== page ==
Down the Fairway: Clutch Bigley posts first pro win

All golfers must conquer pressure to succeed, but professionals are expected to battle nerves better

All golfers must conquer pressure to succeed, but professionals are expected to battle nerves better than the amateurs.

First-year pro Bryan Bigley’s confidence level kicked up several notches last week when he beat his peers with a clutch birdie on the final hole.

The former Schalmont High School and Siena College standout picked up his first pro trophy last week when he won the Carolina Lakes Open on the Carolina Pro Golf Tour. Although his check was a modest $1,500, the satisfaction of winning an event against fellow professionals will last a lifetime.

“It’s a smaller tour, and is nowhere near the level of the Tarheel Tour,” Bigley said. “It’s one of three major tours in South Carolina. The thing that was so great about it was the way I won the tournament. I actually had to birdie three of my last six holes on the second day.”

Bigley, a former member of Pinehaven Country Club, where he helped his father, course superintendent Rob Bigley, on the grounds crew, led the two-day event at Carolina Lake Golf Course by one shot going into the second round, but he got into trouble right away on the second day.

“I immediately bogeyed the first hole after taking that one-shot lead,” Bigley said. “Then, I shanked a chip shot for another bogey on the sixth hole. When I hit an iron shot out of bounds on the 10th hole, I was trailing by one, and I thought I was in trouble,” he said.

“But then I played even-par golf the rest of the way. I birdied the 13th, and all three of us leaders birdied the 17th hole. That left three of us dead-even going into the 18th hole. I hit a good drive. The first guy hits his approach shot to 20 feet, and then the next guy hits a great shot to within just eight feet. I hit wedge to 15 feet. The first guy misses, I made my 15-footer and then there was a lot more pressure on the guy who hit it close. He ended up missing his eight-footer, and I won.

“It was kind of cool to hang in there like I did after hitting that iron shot out of bounds,” he said. “Coming down the stretch and making putts like that felt great. This

really adds confidence to my game. I haven’t really played much golf recently, except for the U.S. Open and State Open qualifiers. I haven’t played in a tournament since April. But I was extremely pleased with the way I played, especially coming down the 18th hole and getting the job done.

“It’s funny, because I’ve been making birdies on the 18th hole a lot lately when I practice, and I tried to feed off of that. I told myself that I always birdie the 18th hole, and that doing it then was no big deal.”

Bigley, a former Metro Atlantic Athletic Conference Player of the Year, said he netted about $1,000 after the entry fee. “That’s not bad for two days of work,” he said. “I shot a 68-70-138 for the two days. It was a great experience.”

Bigley, 23, made the cut in two of his first three pro tournaments on the Tarheel Tour. He finished in a tie for 19th place and earned $1,600 in his pro debut at the River­towne Open in Mount Pleasant, S.C. The 23-year-old two-time Gaz­ette County Amateur champion missed the cut at the TPGC Classic at Oldfield Country Club, but then finished tied for 26th and earned $1,352 in The Manor Classic.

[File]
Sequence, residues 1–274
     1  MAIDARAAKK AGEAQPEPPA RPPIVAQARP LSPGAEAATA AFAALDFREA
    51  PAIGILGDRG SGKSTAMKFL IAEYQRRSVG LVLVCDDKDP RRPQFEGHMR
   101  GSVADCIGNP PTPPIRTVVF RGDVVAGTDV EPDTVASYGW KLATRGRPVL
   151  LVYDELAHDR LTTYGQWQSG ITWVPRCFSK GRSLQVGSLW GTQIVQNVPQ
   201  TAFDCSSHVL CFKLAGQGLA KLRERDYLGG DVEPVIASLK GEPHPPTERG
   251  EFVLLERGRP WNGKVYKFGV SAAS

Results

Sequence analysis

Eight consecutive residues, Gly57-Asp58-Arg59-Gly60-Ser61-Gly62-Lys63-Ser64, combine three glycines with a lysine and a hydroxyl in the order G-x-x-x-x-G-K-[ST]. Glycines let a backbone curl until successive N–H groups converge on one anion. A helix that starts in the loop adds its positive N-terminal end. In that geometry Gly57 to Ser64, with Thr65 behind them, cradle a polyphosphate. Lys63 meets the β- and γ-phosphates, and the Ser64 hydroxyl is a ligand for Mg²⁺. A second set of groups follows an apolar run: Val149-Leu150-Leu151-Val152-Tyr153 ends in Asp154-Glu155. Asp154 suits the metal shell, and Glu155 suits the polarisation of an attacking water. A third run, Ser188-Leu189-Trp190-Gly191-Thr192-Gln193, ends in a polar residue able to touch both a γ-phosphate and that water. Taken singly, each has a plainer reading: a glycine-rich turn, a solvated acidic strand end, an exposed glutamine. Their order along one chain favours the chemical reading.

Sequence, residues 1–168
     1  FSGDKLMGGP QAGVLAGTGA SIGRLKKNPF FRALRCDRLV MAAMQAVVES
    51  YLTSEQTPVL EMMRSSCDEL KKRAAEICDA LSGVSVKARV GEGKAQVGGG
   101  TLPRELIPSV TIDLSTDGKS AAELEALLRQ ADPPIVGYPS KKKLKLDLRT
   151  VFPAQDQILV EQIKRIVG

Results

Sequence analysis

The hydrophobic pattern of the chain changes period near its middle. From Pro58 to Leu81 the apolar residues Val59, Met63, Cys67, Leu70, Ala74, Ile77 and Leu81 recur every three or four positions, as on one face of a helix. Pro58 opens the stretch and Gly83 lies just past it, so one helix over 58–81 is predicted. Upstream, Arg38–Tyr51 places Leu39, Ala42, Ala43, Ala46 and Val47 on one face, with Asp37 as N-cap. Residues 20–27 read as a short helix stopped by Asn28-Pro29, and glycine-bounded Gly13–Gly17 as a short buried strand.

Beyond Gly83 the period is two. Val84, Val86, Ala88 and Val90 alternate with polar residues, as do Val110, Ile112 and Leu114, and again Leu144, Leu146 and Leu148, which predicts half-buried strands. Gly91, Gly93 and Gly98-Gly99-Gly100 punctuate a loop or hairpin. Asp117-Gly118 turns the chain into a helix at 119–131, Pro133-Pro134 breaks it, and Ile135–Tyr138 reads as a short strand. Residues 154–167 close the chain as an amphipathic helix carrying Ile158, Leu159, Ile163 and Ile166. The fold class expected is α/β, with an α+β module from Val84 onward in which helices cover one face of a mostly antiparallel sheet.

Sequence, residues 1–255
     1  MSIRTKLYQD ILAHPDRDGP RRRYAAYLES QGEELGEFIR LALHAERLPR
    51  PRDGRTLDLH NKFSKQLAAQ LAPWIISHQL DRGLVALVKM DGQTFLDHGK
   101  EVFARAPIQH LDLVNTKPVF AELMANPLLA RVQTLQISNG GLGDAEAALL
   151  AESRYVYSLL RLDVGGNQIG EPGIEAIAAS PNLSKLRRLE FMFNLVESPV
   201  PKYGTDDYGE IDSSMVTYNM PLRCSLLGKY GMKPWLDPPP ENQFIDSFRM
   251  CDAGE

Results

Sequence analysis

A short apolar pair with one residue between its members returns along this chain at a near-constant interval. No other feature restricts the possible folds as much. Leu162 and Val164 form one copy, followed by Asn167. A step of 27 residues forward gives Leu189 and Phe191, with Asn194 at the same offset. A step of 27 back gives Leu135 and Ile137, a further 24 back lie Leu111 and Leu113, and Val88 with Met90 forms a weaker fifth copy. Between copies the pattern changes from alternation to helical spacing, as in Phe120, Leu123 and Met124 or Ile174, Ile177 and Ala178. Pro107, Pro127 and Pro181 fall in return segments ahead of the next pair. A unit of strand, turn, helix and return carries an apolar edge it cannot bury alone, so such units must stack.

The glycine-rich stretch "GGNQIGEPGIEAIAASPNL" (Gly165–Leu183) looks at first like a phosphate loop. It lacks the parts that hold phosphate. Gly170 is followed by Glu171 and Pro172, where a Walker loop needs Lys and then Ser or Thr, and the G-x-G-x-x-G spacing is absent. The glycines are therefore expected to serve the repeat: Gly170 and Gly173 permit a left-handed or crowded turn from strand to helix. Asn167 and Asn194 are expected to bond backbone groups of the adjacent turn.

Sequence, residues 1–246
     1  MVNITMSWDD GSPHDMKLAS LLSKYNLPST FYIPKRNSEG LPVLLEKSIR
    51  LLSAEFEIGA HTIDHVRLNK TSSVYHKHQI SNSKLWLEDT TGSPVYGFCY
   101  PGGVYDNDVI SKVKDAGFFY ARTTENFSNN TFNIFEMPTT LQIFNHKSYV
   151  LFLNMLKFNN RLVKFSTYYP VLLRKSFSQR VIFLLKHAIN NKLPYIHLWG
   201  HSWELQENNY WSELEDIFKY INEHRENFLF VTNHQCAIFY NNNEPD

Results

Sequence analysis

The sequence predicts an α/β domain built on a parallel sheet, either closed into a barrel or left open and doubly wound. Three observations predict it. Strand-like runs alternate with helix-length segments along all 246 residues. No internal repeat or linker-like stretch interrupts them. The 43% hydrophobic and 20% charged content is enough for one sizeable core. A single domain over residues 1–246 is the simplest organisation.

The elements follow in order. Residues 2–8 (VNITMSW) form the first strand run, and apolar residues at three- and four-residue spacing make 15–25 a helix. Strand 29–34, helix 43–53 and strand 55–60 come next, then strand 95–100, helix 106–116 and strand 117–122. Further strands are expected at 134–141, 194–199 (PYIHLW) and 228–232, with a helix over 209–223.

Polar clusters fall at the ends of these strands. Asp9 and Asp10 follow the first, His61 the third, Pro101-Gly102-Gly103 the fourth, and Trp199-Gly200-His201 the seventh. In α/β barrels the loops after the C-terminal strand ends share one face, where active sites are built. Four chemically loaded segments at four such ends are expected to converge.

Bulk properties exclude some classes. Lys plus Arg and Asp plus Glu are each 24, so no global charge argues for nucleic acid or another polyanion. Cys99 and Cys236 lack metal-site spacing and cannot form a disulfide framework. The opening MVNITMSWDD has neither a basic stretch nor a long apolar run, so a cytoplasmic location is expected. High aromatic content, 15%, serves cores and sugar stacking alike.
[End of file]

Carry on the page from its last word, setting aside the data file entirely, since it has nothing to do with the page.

He’s been working on his game and has a job on the grounds crew at Rain Tree Country Club. He also gives junior golf clinics at a local driving range.

“To be honest, I’m really having a blast down here,” he said. “Some of the guys really grind every day, and I’m not sure if they are really having fun. If you are playing golf for a living and not having fun, what good is it? I want to enjoy going to the golf course.

“I think that’s what separates some people in this game. Once you get to a certain level, everybody hits the ball great, and everybody has a great short game and are great putters. The difference is not that much what they do physically. It’s more how the guys handle things mentally.”

Bigley said he might play another tournament or two on the Carolina Pro Golf Tour before returning home to get ready for the New York State Open July 15-18 on the Black Course at Bethpage State Park.

“I’ve never played Bethpage before, and I’ve never played the State Open before. It’s always up against the New York State Amateur, and I was always playing in that,” Bigley said. “I’m really looking forward to playing there.”


It’s not too early to begin thinking about the 11th annual Gazette Junior Newspaper In Education Golf Championship, to be held Aug. 1 at Schenectady Municipal Golf Course. Entry fee is $30, and includes golf, lunch and prizes.

There will be trophies and gift certificates awarded in the boys’ 12-14 age division, the boys’ 15-18 division and the girls’ 12-18 div­ision. Gross and Calloway prizes for first, second and third will be awarded in each division, along with longest drive and closest to the pin contests.

Residents of Schenectady, Sar­atoga, Montgomery, Schoharie, Fulton, Albany, Rensselaer and Warren counties are eligible. Send entries to N.I.E. Junior Golf Tournament, The Gazette, 2345 Maxon Road Ext., P.O. Box 1090, Schenec­tady, NY 12301-1090. Entry deadline is July 28. The first 120 entries will be accepted in order of postmark. Make checks payable to The Gaz­ette. Please do not send cash.

Participants must be at the golf course by 7:30 a.m.

Categories: Sports

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